The same goes for work. While money is a major way to show appreciation for a job, communication seems to be completely undervalued sometimes. Really sitting down to listen and understand what your colleague or employee has to say is more powerful than any bag of money you throw at them. Giving a conversation the room to go both ways shows that you appreciate what the other has to say. Everyone wants and needs to be heard, neglecting that human need for validation only ends up building a high level of frustration and distrust.

3. Fewer feedback loops

When developing a product, there is something you call the feedback loop from hell. Either internally with team members or externally with a client you get stuck and don’t seem to get it just right, ending up in a million change requests. Mostly the issue comes down to a lack of proper communication. Halfassed emails are being sent back and forth, discussing only part of the problem and completely leaving out others. While it does cost time and effort to sit down and have a chat in person or via Zoom to pin down the issue, it can save a lot of time (and nerves) in the long run.

You only fully understand any job once you’re able to rephrase the task and validate it with the client or colleague.

4. Avoiding island knowledge

Language barrier here, so I’m not sure whether you can call it that in English. Simply put, it’s the accumulation of knowledge with only one team member. I think everyone had the experience of a colleague getting sick or leaving and not being able to find any form of documentation to carry on the job. Talking regularly helps to avoid that bottleneck because at best everyone in the team at least has an inkling about what everyone is doing and knows where to find the information if need be. Communication doesn’t stop at the verbal part but includes a proper form of documentation, be it an excel-sheet, confluence page, or a full-blown Wiki. Giving the whole team access to all the information gathered in a project does make it easier to onboard new people quickly and avoids losing important information through a lack of communication.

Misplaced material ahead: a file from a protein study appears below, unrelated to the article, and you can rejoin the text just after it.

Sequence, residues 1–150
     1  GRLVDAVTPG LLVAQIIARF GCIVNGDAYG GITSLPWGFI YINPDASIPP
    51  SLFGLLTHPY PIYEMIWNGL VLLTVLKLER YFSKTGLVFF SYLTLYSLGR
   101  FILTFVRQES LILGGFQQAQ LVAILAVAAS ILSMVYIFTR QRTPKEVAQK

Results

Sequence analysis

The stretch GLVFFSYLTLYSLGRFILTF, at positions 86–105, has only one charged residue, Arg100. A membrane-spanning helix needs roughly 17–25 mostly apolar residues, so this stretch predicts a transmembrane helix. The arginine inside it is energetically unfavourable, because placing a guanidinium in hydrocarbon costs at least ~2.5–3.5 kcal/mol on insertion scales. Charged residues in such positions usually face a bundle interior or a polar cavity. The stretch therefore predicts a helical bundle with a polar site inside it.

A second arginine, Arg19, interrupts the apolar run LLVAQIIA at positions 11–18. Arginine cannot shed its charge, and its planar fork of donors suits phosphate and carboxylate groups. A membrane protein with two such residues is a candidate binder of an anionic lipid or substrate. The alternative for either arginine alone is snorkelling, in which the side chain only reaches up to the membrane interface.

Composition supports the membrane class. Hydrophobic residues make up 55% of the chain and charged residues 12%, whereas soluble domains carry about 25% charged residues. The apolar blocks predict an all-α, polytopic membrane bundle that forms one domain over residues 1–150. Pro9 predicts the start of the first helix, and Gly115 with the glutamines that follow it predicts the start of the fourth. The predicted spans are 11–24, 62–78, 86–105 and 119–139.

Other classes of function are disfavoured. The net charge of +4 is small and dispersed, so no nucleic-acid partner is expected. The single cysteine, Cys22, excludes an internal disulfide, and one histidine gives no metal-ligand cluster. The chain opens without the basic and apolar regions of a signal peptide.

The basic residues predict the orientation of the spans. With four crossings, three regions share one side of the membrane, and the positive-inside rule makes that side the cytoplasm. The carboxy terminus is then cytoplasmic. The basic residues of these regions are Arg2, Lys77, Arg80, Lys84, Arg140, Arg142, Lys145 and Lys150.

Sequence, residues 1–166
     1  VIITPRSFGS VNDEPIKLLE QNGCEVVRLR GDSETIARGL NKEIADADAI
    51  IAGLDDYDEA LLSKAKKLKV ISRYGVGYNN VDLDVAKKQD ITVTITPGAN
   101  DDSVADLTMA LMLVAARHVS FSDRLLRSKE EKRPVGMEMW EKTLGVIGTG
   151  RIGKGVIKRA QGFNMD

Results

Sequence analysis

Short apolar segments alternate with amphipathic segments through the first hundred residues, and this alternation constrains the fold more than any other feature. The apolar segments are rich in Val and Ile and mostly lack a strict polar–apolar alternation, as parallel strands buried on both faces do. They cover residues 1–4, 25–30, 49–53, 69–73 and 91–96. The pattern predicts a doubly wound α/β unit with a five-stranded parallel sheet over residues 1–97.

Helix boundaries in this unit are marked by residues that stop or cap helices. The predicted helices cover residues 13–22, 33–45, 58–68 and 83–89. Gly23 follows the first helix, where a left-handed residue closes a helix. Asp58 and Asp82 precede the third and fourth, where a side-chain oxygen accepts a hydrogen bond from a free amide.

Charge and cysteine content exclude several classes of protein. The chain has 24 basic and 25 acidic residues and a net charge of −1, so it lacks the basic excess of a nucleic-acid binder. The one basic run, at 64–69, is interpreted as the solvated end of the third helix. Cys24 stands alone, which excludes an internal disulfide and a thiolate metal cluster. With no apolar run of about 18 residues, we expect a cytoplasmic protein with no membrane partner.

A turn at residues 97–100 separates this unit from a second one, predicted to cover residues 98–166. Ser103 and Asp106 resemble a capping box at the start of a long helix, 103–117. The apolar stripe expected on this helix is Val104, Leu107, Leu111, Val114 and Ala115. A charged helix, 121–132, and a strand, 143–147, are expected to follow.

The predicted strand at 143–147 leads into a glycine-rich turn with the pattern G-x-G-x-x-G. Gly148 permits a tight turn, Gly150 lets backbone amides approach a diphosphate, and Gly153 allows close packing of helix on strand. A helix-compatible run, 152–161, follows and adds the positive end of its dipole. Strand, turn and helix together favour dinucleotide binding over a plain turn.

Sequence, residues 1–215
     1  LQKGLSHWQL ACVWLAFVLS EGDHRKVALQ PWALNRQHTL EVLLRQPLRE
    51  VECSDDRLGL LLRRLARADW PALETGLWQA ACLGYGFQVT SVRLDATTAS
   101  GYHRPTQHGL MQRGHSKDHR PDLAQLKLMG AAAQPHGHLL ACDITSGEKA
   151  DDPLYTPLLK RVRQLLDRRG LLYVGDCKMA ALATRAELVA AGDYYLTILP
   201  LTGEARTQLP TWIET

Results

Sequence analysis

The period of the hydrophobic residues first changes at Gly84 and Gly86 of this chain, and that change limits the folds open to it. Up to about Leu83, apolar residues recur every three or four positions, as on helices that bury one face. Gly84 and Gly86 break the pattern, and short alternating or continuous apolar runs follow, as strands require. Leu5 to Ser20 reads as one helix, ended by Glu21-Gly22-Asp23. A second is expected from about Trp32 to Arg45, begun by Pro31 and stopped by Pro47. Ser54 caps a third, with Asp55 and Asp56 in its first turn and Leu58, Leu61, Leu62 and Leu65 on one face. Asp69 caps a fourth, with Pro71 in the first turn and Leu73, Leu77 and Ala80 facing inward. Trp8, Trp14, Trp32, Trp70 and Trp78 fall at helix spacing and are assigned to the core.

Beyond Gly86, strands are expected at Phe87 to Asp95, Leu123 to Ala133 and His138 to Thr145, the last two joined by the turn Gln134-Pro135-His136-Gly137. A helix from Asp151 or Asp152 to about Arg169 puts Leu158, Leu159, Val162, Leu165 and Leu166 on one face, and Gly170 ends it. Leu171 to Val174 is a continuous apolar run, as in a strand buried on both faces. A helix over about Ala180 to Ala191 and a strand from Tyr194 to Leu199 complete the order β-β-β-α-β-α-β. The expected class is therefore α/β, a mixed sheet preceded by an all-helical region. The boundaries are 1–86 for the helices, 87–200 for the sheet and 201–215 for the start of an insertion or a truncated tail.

5. Properly working remotely

Remote work, or working from home had its final breakthrough due to a global pandemic. Even at old-school organizations where home-office wasn’t even part of the dictionary it suddenly had to be made possible to work from home. If you scroll through various articles on the internet and this platform it seems to work just fine, with people feeling more productive and flexible. It also opens up a series of new problems, with communication at the top of the list. You don’t have the luxury of getting up and talk things through with the colleague next door anymore. Discussions in apps like Slack or Teams suddenly seem way more aggressive than they actually are (a friend literally started to use emojis to convey his facial expression and gestures in a work-related chat). It’s easy to zone out and do other stuff in meetings because you can simply turn off the mic and video (due to “technical issues”, of course). With a decentralized team spread through the country or the whole world, proper communication is even more important to keep everything together. Remote communication etiquettes like turning on the video in meetings or documenting discussions in a channel or platform accessible to all team members help to not lose the sense of connection that naturally occurs when you’re sitting next to each other.